The end of the Cold War and the attacks of September 11th have drastically changed the United States' geo-strategic interests and perceptions. Africa had long been on the periphery of U.S. interest, but this is quickly changing. The War on Terror, Africa's vast natural resources and the still existing widespread instability across the continent are all factors that play a role for the new foreign policy of the United States. According to Linda Thomas-Greenfield, Principal Deputy Assistant Secretary for African Affairs, the new U.S. African Command is "part of a broader vision of U.S. policy" intended to adapt to the new developments after the end of the Cold War. (1) While previously, Africa was seen as only of humanitarian interest, it is now increasingly becoming of national security interest for the United States.
According to Thomas-Greenfield, the new "conceptual framework" of the Bush administration is focused on developing new strategic partnerships with key players within Africa, such as International Organizations, state and non-state actors, to help increase peace and security within the continent. (2) However, the central goal is to help African countries, international organizations and non-state actors help themselves, and not force foreign ideas and security paradigms on these actors. According to Ryan Henry, the Principal Deputy Under Secretary of Defense for policy, AFRICOM is meant to support the "indigenous leadership efforts that are currently going on ... and to complement rather than compete with any leadership efforts currently going on." (3) In essence, the United States strives to support conflict resolution, African peace missions and the fight against terror.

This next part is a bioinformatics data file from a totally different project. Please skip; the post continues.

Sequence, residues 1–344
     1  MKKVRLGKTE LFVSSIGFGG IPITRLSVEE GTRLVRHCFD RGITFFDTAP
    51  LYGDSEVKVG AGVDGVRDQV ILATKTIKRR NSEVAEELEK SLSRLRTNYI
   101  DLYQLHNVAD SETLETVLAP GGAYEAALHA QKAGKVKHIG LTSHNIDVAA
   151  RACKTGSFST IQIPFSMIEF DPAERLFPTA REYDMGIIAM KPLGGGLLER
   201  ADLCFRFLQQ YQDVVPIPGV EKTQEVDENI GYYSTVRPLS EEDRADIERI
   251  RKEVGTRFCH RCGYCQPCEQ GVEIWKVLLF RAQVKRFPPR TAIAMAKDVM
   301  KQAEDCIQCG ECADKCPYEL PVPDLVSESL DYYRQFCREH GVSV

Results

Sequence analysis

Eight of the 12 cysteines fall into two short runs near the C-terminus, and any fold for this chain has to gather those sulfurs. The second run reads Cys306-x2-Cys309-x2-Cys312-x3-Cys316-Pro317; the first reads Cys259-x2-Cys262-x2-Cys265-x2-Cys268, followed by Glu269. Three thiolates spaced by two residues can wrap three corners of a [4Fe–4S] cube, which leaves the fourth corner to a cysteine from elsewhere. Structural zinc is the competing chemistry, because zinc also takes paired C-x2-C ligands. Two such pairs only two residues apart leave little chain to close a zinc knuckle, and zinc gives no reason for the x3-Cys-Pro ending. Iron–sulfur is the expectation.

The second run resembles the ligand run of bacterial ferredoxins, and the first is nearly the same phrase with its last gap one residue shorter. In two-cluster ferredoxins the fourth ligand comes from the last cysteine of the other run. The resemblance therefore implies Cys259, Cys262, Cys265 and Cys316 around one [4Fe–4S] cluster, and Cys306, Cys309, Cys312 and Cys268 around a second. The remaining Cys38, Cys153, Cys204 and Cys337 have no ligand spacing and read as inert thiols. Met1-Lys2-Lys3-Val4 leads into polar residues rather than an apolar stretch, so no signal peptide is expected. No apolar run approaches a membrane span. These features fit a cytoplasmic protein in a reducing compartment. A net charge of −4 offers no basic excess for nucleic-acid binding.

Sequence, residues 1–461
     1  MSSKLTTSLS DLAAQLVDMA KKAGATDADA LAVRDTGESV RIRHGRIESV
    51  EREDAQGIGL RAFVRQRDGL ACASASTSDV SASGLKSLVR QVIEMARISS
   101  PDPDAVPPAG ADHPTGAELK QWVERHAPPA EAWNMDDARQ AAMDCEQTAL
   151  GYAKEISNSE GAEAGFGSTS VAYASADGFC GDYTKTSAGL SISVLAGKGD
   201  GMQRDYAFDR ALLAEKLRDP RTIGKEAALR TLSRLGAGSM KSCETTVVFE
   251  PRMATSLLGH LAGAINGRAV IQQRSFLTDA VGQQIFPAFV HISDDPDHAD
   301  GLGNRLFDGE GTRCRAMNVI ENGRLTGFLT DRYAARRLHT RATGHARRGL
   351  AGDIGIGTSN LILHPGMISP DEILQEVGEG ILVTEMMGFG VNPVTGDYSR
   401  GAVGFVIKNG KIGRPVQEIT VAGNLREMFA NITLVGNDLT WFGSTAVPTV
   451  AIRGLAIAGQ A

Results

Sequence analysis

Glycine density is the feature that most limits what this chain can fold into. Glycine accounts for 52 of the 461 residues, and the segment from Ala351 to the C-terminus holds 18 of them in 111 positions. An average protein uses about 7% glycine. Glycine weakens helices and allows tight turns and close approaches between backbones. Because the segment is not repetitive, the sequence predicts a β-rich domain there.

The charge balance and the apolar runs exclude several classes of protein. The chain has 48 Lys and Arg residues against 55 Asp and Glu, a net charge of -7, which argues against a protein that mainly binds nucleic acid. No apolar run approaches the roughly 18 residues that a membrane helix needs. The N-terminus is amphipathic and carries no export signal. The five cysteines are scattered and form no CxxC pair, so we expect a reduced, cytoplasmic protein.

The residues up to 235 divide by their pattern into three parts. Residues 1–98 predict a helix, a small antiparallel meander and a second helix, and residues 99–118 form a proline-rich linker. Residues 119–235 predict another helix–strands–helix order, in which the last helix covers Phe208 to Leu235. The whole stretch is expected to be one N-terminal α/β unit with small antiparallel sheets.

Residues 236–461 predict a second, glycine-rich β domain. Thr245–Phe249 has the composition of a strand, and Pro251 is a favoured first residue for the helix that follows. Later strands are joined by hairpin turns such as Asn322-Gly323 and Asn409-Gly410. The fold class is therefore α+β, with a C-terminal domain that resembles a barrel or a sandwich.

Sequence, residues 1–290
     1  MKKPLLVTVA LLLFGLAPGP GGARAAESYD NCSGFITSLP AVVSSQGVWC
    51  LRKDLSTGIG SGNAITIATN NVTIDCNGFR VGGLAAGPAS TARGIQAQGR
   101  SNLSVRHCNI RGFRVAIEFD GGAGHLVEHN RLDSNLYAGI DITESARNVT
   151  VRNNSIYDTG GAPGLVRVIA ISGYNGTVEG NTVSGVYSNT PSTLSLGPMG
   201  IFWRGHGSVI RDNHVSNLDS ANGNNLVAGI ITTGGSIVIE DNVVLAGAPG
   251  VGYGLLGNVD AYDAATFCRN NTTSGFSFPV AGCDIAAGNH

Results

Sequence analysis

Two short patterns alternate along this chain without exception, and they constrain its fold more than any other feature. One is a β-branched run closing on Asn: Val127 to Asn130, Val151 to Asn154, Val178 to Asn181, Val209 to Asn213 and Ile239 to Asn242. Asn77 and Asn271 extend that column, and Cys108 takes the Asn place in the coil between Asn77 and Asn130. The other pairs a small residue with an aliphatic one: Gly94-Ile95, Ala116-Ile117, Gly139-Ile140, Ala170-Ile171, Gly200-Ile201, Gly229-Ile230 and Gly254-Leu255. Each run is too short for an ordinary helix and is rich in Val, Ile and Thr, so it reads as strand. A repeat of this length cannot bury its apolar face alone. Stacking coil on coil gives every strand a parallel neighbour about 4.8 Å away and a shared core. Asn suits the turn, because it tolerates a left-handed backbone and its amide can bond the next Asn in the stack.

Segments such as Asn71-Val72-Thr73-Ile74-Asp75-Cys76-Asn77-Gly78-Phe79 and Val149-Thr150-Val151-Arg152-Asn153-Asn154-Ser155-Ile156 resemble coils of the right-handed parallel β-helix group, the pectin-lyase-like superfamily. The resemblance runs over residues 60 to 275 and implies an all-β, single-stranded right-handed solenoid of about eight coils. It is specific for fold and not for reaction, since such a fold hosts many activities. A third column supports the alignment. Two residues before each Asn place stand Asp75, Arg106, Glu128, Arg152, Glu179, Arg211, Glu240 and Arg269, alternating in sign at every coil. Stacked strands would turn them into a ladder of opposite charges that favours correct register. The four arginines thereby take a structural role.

The Pentagon's Unified Command Plan divides the world into zones, called "Unified Commands," on the basis of geo-strategic military purposes. (4) These commands administrate and coordinate all Defense Department personnel, equipment and operations in the specific area. Previously, Africa was divided between three unified commands, the European Command (EUCOM), the Central Command (CENTCOM) and the Pacific Command (PACOM). EUCOM has responsibility over most of the countries in the African mainland, CENTCOM over Egypt, Sudan, Eritrea, Ethiopia, Djibouti, Somalia and Kenya and PACOM over Madagascar, the Seychelles and Indian Ocean region of the African coast. AFRICOM, now, is intended to cover all African countries except Egypt, which, because of its close relationship with the Middle East, remains under CENTCOM. (5) The previous division of Africa under three commands caused a few complications and proved fairly inefficient. According to Sean McFate, Africa was never a primary priority for any of the three commands, due to the placement of their main headquarters elsewhere and the division violated the "principle of unity of command." (6) Further, he claims the Department of Defense lacked an appropriate number of African experts and centering the general focus of AFRICOM now solely on mediating between Africa and the United States will help implement effective policies that target the essence of the problems the continent faces.